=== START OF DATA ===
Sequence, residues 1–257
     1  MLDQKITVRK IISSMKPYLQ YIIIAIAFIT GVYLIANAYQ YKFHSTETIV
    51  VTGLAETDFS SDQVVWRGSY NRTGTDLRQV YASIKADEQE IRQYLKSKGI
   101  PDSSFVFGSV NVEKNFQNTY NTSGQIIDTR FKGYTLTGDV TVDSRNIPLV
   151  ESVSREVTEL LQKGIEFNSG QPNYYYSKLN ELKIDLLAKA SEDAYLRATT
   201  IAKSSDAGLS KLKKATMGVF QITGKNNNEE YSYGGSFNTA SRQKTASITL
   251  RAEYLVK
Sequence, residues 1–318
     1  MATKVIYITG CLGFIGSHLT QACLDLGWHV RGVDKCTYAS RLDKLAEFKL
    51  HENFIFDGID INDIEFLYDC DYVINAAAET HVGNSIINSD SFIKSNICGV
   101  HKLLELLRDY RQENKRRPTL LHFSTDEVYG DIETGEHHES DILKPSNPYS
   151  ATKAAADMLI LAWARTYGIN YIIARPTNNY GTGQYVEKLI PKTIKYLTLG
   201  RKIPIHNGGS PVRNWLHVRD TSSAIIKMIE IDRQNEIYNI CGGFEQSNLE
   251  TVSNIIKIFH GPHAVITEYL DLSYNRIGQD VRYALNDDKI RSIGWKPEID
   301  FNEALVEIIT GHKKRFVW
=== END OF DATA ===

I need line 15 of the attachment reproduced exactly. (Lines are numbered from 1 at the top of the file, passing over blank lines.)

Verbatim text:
   301  FNEALVEIIT GHKKRFVW